- Leadership: Applicants will be assessed on their ability to question and challenge the status quo, communicate positive qualities of an effective leader, exhibit these qualities in action and effectively exert appropriate influence over others.
- Reliability and Dependability: Potential physicians should consistently fulfill obligations in a timely and satisfactory manner and take responsibility for personal actions and performance. Regardless of the situation, they will do everything possible to make sure that their performance is steady and strong, unstopped by obstacles, pressures, and demands that would justifiably derail others. They can be counted on to give their best effort under all circumstances. They keep their commitments and work with others to help them keep theirs. They demonstrate the ability to keep their word under all circumstances.
- Resilience and Adaptability: Applicants will be assessed for their demonstration of tolerance for stressful or changing situations, whether they adapt effectively, remain persistent—even under difficult situations and recover from setbacks.
- Social/Interpersonal Skills and Teamwork: We strive to find future physicians with the ability to work collaboratively, set a positive tone, are neither passive nor dominate the situation, resolve and diffuse conflict, listen to and incorporates others’ perspectives, accept shared responsibility—especially when the outcome is not ideal, and make decisions that reflect the best interest of all involved.
- Written and Verbal Communication: Potential physicians should demonstrate to the Admissions Committee an ability to communicate effectively. The personal statement, letters of recommendation and the interviews provide opportunities to assess effective communication skills.
The above attributes will be used to evaluate our students not only at the time of application but throughout their medical school careers.
Letters of Recommendation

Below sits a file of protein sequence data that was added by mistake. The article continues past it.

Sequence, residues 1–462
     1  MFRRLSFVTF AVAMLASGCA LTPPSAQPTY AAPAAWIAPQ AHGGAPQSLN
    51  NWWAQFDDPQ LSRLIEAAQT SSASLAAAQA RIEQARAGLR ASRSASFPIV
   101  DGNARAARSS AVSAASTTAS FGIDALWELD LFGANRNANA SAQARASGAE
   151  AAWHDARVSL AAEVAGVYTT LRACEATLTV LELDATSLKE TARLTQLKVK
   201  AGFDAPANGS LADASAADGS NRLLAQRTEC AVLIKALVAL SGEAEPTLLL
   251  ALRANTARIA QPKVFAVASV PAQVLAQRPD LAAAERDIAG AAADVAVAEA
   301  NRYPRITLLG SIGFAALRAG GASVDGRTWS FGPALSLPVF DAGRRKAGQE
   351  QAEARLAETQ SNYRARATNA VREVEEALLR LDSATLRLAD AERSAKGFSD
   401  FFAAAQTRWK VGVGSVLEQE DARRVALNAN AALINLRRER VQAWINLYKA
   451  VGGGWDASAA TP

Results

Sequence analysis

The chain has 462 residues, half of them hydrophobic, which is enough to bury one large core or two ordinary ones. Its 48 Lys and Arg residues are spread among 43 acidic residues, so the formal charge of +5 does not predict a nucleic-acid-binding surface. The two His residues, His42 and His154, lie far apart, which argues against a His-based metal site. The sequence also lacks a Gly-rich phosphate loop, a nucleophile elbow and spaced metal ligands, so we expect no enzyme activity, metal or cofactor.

We require a minimum of 3 letters of recommendation (or one committee letter that includes multiple letters) up to a maximum of 6 letters. Your recommenders can be any individuals who can objectively assess your personal qualities such as integrity and ethics; reliability and dependability; social, interpersonal and teamwork skills; resilience and adaptability; altruism; and a desire to learn.
We have no specific requirements regarding how you select these individuals. However, if you choose to include someone from your academic experiences, we strongly recommend an experienced faculty member (Associate Professor or Professor) rather than a graduate student instructor (GSI). ALL letters of recommendation must be submitted via the AMCAS Letter Service. During the application process, there will be a section asking for your Letter of Evaluation information. Please consult the AMCAS instructions for additional details and be sure to review the AAMC’s new Letters of Evaluation Guidelines. Do NOT send any letters directly to the University of Michigan Medical School.
- We require a minimum of 3 letters of recommendation (or one committee letter that includes multiple letters) up to a maximum of 6 letters.
- Letters of recommendation may come from any individuals you believe can objectively assess your personal qualities.
- ALL letters need to be submitted using the AMCAS letter service.
- Do NOT send any letters directly to the University of Michigan Medical School.
All applicants will receive a Secondary Application, regardless of whether they have an MCAT score or not. Please note that the secondary application fee is waived for those approved for the AAMC-Fee Assistance Program.
We recommend keeping the following in mind when completing your Secondary Applications: